The primary election system for the choosing of a presidential candidate appears incomprehensible to the average outsider. Each state has its own rules for the method of voting, and for the allocation of delegates to the national political conventions that choose the party candidate. Each state is free to set the date for its own voting. So, we have the Iowa caucus and the New Hampshire primary to kick off the long season. Sometimes these predict the direction of the rest of the selection process, sometimes they do not. However, there is no doubt that they preview one of the longest of election processes anywhere.

When Donald Trump entered the race for the Republican nomination last year, the Republican establishment did not take him seriously. However there were too many other candidates to allow opposition to Mr. Trump to coalesce around an alternative. At one point there were seventeen candidates. 30% of the way through the process Mr. Trump is the frontrunner, yet his two closest rivals, Senator Cruz from Texas and Senator Rubio from Florida, have between them accumulated a greater number of delegates. More Republican primary participants have not voted for Mr. Trump than for him!

Mr. Trump, or ‘The Donald’, as the entertainer side of him has become known, is a larger than life character. His Wikipedia entry states: His branding efforts, career, outspoken manner, personal life, and wealth have made him an international celebrity.[2] His TV show, The Apprentice, running since 2004 for seven seasons in the original version and another seven in the celebrity edition, has introduced his no-nonsense business style to the American public. On the campaign trail his brutal blend of bluster and braggadocio has ensured that he can keep hitting the headlines with outrageous statements.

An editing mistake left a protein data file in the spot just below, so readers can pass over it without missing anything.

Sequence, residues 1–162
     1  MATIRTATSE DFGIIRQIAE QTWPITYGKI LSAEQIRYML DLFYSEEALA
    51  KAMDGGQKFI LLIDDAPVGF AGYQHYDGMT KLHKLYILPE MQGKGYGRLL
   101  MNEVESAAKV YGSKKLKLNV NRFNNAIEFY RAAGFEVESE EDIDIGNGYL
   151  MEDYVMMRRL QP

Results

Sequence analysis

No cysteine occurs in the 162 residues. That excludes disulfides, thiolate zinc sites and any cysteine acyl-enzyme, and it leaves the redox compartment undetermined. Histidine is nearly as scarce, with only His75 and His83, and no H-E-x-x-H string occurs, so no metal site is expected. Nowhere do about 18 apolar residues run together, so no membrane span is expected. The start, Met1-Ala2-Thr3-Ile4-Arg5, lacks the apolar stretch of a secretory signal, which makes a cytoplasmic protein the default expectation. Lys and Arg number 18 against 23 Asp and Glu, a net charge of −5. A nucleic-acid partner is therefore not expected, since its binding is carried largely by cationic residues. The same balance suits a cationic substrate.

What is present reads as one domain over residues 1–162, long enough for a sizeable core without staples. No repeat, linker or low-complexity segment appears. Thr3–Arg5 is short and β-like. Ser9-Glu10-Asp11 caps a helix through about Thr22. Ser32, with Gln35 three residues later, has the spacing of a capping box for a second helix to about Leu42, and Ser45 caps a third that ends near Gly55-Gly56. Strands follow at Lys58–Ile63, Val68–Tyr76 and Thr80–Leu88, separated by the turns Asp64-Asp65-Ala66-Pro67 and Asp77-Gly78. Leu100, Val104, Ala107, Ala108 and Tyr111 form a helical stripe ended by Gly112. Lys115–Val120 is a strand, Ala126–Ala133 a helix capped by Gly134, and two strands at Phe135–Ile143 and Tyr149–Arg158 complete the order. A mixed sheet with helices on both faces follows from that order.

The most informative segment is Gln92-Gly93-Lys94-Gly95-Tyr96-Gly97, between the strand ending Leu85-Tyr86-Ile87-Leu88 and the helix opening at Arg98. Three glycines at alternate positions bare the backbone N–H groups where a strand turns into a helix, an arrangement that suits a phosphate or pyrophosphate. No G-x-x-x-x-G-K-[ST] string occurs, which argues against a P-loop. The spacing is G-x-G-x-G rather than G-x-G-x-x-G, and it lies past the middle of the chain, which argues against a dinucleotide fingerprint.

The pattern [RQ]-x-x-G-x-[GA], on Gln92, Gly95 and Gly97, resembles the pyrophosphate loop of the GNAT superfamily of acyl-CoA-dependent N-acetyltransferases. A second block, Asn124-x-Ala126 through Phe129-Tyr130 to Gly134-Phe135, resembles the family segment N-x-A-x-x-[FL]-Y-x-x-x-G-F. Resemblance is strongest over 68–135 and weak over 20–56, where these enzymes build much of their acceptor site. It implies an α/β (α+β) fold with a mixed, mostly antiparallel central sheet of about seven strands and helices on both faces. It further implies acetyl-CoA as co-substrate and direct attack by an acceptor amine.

It is one thing to be arrogant and pompous. It is an escalation to be proud of being proud! Do we really want a major party candidate, let alone President who says such things as: I could stand in the middle of 5th Avenue and shoot somebody and I wouldn’t lose voters;[3] Look at that face! Would anyone vote for that? Can you imagine that, the face of our next president;[4] and The wall will go up and Mexico will start behaving.[5]? Do we really want a President who has impressed his image on our national consciousness by pointing a finger across his desk and saying: “You’re fired!”? [6]

However, if we look to the other side of the aisle, what better choices do we have? I am sure that Mr. Sanders is a nice guy, but America has never been a socialist nation. President Obama came up with a great plan for ensuring everyone could get affordable healthcare. For many people the plan just increased the cost of their insurance. Bernie plans to make college free for all undergraduate students. It’s one thing to offer to make things affordable, it’s another to have courage to tackle the reasons why the building block services of our society, such as healthcare and education are so expensive!

That brings us to Mrs. Clinton. Mired in scandals that would have had the media all over a Republican candidate, she has brushed off the problems with Benghazi, and her email server, to ride a wave of misplaced popular acclaim. Let’s not forget that her husband won the Presidency with 43% of the vote in 1992. If Ross Perot had not filtered so many votes away from incumbent George Bush it is doubtful whether Mr. Clinton would have made it to the White House. His presidency was the most scandal-ridden of the last forty years culminating in his 1998 impeachment. Mrs. Clinton rode his coat-tails into political office, first as Senator for New York and then as Secretary of State in the first Obama administration. It is hard to see what her route to either of those offices would have been had she not been the wife of a former President who remained popular with his own party. The history of investigations into her business affairs during her husband’s Presidency and as a result of her position as Secretary of State should, at the very least, give us all a concern about her personal judgment.